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Tag Archives: CIA

pelosi-nancy copy

Nancy Pelosi looks like a deer in the headlights. Pretty much all the time. A facelift gone bad? Too much Botox for breakfast? Not sure why. But she looks particualrly clueless as she tries to skirt her consenting knowledge of the Bush Administration’s torture-is-good policy. Accusing the CIA of lying to Congress seemed particularly desperate. And Leon Panetta’s defense of his department seemed particularly valiant. The CIA would never mislead the American people, he protested in no uncertain terms. Of course not! Just ask his predecessor, George Tenet. Uh huh. Slam dunk.



Thumbs up from The National Review. Michael Ledeen writes:

In the very early days of the Bush administration, Karl Rove asked a Washington policy wonk what personnel changes he’d recommend to newly arrived George W. The wonk said “there is one matter of life and death: he must replace Tenet at CIA and put in one of his own people, someone he absolutely trusts.” Rove said “well, good luck with that one.” Obama knows better, and he’s putting Leon Panetta in Langley.

I always liked Panetta. He served in the Army and is openly proud of it. He seems to be a good lawyer (oxymoronic though it may seem). He’s a good manager. And he’s going to watch Obama’s back at a place that’s full of stilettos and a track record for attempted presidential assassination second to none. But Italians know all about political assassination; you may remember Julius Caesar. Or Aldo Moro. The self-proclaimed cognoscenti will deride his lack of “spycraft,” and he’s never worked in the intel bureaucracy or, for that matter, in foreign policy or national security. But he’s been chief of staff, which involved all that stuff.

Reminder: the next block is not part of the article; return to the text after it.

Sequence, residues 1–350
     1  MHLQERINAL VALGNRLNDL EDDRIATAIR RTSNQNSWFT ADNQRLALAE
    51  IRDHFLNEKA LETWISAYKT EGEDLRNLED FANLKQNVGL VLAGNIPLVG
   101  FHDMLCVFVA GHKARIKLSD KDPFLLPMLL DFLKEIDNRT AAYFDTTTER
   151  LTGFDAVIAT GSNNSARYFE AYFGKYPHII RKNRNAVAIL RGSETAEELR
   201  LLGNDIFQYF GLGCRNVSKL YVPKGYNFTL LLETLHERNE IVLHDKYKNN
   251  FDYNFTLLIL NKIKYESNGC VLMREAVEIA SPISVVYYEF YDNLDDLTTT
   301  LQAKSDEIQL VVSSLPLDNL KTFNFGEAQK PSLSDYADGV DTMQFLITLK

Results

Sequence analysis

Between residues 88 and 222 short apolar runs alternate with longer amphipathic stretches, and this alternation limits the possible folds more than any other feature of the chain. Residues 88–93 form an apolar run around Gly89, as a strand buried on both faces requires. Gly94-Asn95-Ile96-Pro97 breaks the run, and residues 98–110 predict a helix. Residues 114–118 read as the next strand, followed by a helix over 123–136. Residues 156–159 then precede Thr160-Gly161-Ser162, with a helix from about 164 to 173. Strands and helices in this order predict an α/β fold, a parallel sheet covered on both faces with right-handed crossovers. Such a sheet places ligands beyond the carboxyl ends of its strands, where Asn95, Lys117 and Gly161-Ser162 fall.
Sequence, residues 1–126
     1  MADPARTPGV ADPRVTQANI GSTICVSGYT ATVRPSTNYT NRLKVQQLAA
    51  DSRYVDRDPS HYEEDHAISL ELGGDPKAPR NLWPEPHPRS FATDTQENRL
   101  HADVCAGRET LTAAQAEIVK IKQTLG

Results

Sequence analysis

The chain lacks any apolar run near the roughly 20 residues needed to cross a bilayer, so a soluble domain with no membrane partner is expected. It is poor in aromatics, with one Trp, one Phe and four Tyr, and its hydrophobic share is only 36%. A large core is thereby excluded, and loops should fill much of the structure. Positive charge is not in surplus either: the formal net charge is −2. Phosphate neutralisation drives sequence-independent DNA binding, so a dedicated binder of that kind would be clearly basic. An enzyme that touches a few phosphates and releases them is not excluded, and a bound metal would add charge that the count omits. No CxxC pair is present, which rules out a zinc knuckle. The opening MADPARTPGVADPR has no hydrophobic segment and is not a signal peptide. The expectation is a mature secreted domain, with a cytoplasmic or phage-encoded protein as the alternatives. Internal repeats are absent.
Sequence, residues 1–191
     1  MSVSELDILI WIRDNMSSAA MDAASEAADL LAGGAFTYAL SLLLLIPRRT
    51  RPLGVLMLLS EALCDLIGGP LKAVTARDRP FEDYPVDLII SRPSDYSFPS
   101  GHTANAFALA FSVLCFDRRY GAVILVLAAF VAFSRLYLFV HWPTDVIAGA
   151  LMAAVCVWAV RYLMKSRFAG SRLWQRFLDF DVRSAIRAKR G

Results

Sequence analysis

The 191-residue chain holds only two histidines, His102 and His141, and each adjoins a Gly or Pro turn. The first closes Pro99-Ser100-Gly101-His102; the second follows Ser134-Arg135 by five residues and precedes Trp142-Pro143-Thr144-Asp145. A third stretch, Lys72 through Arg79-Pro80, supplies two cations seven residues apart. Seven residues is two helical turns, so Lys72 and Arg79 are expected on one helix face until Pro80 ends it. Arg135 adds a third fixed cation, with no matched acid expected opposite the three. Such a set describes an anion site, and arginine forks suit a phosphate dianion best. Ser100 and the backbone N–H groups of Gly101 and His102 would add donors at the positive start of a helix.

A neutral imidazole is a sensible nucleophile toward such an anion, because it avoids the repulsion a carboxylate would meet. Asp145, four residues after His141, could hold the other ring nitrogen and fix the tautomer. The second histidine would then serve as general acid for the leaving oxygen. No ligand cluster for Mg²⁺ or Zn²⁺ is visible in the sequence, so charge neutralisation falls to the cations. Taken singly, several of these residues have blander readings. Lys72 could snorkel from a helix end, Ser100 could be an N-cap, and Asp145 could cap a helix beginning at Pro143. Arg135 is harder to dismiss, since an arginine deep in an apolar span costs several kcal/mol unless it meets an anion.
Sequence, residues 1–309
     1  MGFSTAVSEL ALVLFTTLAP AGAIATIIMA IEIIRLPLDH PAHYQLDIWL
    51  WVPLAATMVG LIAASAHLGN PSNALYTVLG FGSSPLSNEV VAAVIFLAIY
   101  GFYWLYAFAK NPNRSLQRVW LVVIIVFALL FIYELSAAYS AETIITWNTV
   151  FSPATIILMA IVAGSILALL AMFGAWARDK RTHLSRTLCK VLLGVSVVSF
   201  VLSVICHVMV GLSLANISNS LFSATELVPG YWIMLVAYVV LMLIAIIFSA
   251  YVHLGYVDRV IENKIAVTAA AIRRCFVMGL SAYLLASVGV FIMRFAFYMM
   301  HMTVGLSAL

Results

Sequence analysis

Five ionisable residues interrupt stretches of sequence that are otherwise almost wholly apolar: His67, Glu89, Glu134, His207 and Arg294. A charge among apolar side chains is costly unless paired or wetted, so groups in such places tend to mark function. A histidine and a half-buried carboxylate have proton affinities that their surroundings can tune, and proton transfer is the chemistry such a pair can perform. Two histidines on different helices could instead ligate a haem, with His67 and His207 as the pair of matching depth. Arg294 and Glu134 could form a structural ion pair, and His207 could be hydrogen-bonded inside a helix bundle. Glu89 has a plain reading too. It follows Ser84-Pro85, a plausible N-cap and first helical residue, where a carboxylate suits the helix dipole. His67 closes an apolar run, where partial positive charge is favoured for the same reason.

I think it’s a smart move.


Seems like no one is satisfied with the explanation of Benazir Bhutto’s death. Odd, when you think about it. I mean, there are so many explanations to chose from. Something for everyone, really. She was killed by an assassin’s bullet. She was killed by a bullet-proof limo. She cracked her noggin. She had cracked the code on underhanded political shenanigans Even Pakistan’s President Pervez Musharraf isn’t satisfied. And he’s the calculating S.O.B. who engineered the whole thing––at least that’s one of the explanations. Now, maybe I sound a little callous. My apologies. But I come from a city that rather famously gunned down a President. And we are still trying to sort that one out. There’s the lone gunman theory. The two gunmen theory. The Mafia hit theory. The CIA hit theory. I think that there are even one or two that implicate LBJ, the Klu Klux Klan, Jackie and the Freemasons. It seems nobody likes it when visionaries die. We are afraid that the dream will die with them. And we are just not satisfied with lone gunmen and exploding people. We certainly take umbrage at the thought that a nasty fall could be the lethal culprit. Something big had to be afoot. So we conduct extensive investigations, convene our commissions, file our reports, then write our conspiracy books. Visionaries deserve nothing less. And the personal vanity of our collective dreams can’t possibly be so fragile that they can be ended so easily, so randomly. Dreams and dreamers deserve better.


Who would want this job? Not Ari Fleischer. Not Scott McClellan. Not Tony Snow. And this week, maybe not the latest White House Press Secretary, Dana Perino, who has the esteemed privilege of answering journalists’ questions about the White House’s involvement in the recent CIA destruction of interrogation tapes. Or not answer, as the case may be. Is it just me, or doesn’t the White House’s latest “no comment” posture, following the earlier stance that “the President has no recollection,” only serve to make the President seem more complicit or––at the very least–– less informed? Neither of which is good. Am I right? But then again, shouldn’t the focus be on the CIA? And can we really blame these cloak and dagger gadabouts? I mean, covert groups like the CIA are sort of famous for being clandestine. Operating under the radar. Doing underhanded shenanigans and then covering their trail. It’s part of the M.O. But surely, they would know how bad this would look, right? Surely, they would know the kind of media firestorm destroying these tapes would create. Wouldn’t they? Which is why we have to consider this––whether or not the CIA checked in with the Oval Office before the trip to the incinerator–– isn’t it likely that the only thing more disturbing than the destruction of these tapes had to be the prospect of the world getting a peek at their contents? Isn’t that the obvious takeaway? Or am I missing something here? I know, Dana. “No comment.”